An old lady is brought in on a wheelchair, transferred from a peripheral private hospital. She comes with reports of deranged RFTs and S. Creat at 8.3. She gives a history of irregular, unsupervised intake of NSAIDs and other Ayurvedic medications over the past two years, to treat her joint pains and some form of arthritis she supposedly had. The medicine registrar on call cites her chronic intake of NSAIDS as the cause for her renal failure. Makes me think about the tons of patients we subscribe NSAIDs to rampantly, everyday, with or without indications, and without thinking about the dangers of a situation where a patient may start self prescribing and abusing those very same NSAIDs. After all, how difficult can it be to read a drug name, ask the drug dispenser what it is used for, and, upon hearing the magic words 'pain relief' start popping it as and when your fancy arises after obtaining it from your friendly local chemist!

Location: Ob/Gyn OT, Tertiary Hospital in Mumbai.

A patient is taken up for an emergency LSCS, she was already in labour when she came to the hospital...I was posted in anesthesia and I just cannot remember what the indication for her LSCS was. Sorry about that. So anyways, she was wailing and screaming loudly the entire time inside the OT, everyone there was distracted because of her, and this while another surgery was going on in the same room. She had to be given her spinal, twice by the housie, I think the first time it was unsuccessful, thanks in no small part to her screaming and thrashing around. Then, when she didn't stop screaming at all, even after two attempts at a spinal, the senior anesthetist came and asked them to give it for a third time before starting the surgery, just to be safe. Inspite of this, the patient continued her voracious wails of "Aaaaaaa....owwww....majhyaa aai la bolva...aaaaaaeeeeeee" ("Owww....get me my mother...please...aaaaaeeeeeee") at a shocking volume, and atleast 20 people gathered to watch the spectacle. Finally, the obs people started the surgery in all this confusion, it was an emergency after all.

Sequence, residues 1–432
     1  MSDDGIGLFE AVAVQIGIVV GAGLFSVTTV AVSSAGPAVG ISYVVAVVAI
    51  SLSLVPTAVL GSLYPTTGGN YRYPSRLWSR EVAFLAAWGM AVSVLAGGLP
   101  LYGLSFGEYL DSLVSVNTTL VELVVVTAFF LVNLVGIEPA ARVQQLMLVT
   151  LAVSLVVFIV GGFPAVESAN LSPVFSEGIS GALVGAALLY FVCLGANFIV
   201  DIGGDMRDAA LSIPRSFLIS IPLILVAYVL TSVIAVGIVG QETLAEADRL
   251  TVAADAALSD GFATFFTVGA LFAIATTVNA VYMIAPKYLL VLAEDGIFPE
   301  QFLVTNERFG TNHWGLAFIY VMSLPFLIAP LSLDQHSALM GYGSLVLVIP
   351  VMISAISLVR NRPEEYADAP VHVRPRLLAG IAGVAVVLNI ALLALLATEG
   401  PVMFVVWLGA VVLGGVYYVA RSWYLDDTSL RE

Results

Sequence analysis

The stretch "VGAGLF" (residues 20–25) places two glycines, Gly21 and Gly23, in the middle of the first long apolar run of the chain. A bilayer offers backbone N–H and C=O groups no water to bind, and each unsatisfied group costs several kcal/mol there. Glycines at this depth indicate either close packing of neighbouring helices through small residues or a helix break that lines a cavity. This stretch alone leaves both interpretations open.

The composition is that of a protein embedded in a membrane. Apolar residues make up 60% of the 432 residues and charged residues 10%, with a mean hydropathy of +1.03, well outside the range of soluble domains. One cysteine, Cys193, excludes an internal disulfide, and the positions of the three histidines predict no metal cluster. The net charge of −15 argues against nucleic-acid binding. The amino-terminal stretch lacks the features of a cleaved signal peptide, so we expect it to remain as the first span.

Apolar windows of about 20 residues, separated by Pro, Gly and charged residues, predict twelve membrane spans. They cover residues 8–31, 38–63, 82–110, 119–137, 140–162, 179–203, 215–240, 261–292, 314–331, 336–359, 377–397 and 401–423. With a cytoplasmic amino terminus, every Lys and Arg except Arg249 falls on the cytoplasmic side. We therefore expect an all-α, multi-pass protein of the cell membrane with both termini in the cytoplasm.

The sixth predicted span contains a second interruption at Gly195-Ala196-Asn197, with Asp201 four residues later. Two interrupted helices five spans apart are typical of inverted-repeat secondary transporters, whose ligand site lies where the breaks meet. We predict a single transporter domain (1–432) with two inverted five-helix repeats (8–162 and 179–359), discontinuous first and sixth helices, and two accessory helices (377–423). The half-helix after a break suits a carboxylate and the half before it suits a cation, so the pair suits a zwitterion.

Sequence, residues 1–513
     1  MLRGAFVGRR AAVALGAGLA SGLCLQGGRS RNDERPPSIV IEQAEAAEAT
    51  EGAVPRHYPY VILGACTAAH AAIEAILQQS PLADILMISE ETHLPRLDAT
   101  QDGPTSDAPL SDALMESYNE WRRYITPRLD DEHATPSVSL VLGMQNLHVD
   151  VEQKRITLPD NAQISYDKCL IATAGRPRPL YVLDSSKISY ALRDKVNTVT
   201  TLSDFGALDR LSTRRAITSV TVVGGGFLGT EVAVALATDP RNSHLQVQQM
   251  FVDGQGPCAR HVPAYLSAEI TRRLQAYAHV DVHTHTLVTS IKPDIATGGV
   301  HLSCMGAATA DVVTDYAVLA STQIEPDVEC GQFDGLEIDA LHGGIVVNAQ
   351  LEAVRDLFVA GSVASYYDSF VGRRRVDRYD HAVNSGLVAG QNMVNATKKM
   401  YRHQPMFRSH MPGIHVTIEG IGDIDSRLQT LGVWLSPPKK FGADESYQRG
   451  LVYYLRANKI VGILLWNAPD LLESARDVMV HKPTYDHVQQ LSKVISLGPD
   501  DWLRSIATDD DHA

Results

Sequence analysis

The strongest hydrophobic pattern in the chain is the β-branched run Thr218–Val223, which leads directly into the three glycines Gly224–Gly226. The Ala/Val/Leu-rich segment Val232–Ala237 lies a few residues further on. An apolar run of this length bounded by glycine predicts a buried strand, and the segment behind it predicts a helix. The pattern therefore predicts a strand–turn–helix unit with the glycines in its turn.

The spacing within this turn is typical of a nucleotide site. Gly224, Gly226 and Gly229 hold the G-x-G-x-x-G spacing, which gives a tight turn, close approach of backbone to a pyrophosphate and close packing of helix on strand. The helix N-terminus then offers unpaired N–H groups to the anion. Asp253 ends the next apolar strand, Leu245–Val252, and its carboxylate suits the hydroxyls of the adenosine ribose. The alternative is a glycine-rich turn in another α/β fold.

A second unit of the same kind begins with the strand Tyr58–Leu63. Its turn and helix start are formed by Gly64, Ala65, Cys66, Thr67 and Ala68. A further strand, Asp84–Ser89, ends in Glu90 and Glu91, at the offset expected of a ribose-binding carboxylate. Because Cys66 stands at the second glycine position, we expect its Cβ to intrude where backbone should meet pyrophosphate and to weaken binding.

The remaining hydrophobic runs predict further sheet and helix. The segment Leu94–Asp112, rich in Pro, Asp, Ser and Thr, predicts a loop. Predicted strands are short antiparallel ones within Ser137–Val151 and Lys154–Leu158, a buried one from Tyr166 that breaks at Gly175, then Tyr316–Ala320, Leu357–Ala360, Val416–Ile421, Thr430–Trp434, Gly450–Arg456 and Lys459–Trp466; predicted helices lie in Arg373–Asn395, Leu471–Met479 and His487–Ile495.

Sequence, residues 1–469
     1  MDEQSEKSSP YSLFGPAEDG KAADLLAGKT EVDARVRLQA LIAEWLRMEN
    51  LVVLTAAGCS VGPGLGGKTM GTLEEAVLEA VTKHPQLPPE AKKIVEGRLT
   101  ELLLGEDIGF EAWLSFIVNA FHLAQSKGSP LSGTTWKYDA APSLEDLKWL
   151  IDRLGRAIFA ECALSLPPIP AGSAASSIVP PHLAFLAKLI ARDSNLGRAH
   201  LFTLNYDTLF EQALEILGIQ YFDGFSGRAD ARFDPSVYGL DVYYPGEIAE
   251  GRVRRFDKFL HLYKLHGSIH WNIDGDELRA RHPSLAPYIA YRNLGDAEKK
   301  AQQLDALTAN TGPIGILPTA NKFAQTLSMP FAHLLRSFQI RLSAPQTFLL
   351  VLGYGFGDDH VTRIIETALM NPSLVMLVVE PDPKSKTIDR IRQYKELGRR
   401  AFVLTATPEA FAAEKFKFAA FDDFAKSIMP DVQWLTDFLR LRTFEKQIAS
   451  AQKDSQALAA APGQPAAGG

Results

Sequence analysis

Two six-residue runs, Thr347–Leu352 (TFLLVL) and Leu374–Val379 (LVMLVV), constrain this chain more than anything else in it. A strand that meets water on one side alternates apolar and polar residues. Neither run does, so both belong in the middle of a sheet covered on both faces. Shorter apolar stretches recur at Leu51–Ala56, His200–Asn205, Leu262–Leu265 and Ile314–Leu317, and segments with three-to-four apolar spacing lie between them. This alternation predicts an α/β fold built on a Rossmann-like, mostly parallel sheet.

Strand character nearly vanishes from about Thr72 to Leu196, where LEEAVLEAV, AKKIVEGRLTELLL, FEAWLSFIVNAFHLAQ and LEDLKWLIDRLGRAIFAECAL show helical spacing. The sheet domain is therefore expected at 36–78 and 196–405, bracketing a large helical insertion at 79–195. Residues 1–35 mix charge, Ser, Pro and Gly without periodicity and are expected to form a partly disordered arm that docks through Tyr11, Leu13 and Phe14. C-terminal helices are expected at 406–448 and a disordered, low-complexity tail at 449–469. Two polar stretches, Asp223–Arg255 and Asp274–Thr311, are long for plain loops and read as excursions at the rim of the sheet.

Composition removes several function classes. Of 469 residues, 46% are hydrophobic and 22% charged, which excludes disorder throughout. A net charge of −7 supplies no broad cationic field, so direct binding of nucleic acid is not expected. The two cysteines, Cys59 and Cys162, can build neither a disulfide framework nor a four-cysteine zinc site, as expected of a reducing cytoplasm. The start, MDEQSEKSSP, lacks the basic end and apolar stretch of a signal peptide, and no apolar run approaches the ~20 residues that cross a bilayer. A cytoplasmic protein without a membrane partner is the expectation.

About 10 mins into the surgery, the patient seemed to be calmer, and had taken to just calling out for her aai in a normal voice as opposed to screaming. Now the much-more-visibly-relieved-looking-anaesthetist asked the patient, hopefully: "Aata tumhala dard kami jhala na?" ("Has your pain reduced now?") to which the patient (whose uterus was about to be cut open, may I remind you!) who had so far not given up on her incessant wailing, replied: "Ho, aata jara kami aahe, pan tari pan majhya aai la bolva!" ("Yes, now my pain is relieved, but you must still get me my mother!") At this, the 20 people who were inside the OT spontaneously burst out laughing at the same time, many of them shaking their heads in disbelief. I suppose the wonders which mothers can make happen in this world have no bounds! And I am sure that was the noisiest day ever in the history of that particular OT.

Location: ANC OPD, Peripheral urban health centre, Mumbai.